Public can search for information on breakdowns, fatalities and violations at state's tracks.
The New York State Racing and Wagering Board earlier this month released two searchable databases to the public. One is a list of every horse that has broken down, died, sustained a serious injury or been involved in an incident at a track in New York state since 2009. The other is a list of fines and suspensions issued by the board during the last three decades.
The board says the release of the databases is designed to bring transparency to New York’s horseracing industry. “The public has every right to know exactly what is happening at racetracks in New York state,” board Chairman John D. Sabini says. “The wealth of information in these two databases leaves no stone unturned regarding incidents at tracks in New York and who is being held accountable for rule infractions by the board. As the adage says: sunlight is the best disinfectant, especially for the state’s horseracing industry.”
The injury database is composed of data gathered from Racing and Wagering Board employees at Thoroughbred and Standardbred tracks in New York. The database includes racing, training and nonracing fatalities and incidents. Individuals can search the database by a variety of parameters and receive the following information:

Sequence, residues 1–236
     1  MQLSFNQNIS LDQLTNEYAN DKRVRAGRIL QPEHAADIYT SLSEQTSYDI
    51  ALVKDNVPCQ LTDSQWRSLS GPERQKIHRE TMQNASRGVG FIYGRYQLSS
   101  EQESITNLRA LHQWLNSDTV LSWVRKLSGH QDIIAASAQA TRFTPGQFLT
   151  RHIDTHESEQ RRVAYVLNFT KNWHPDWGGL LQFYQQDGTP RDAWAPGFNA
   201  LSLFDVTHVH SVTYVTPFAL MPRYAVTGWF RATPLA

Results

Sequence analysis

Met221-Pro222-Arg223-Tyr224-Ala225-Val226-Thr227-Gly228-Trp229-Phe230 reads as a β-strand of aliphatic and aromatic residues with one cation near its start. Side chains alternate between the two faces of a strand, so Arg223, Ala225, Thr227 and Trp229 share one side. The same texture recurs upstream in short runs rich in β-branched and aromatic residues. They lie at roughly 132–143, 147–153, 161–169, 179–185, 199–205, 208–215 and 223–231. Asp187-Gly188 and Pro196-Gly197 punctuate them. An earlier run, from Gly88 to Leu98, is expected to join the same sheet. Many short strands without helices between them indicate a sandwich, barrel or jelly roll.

The database of racing board violations is not new, but the Racing and Wagering Board says its structure has been enhanced and reformatted with improved search parameters. Individuals may search for fines, suspensions and other actions against any individual or organization licensed by the board by name, year or date, track, ruling number and racing type. Each result includes:
Both databases will be updated promptly as information is received by Racing and Wagering Board investigative staff. In addition, the board says it will include more statistical information on equine breakdowns in the near future, including variables about the race in which an incident occurred, the horse’s racing history and more detailed descriptions about each incident.
Both databases are also available through the New York State Racing and Wagering Board’s Web site, www.racing.ny.state.us.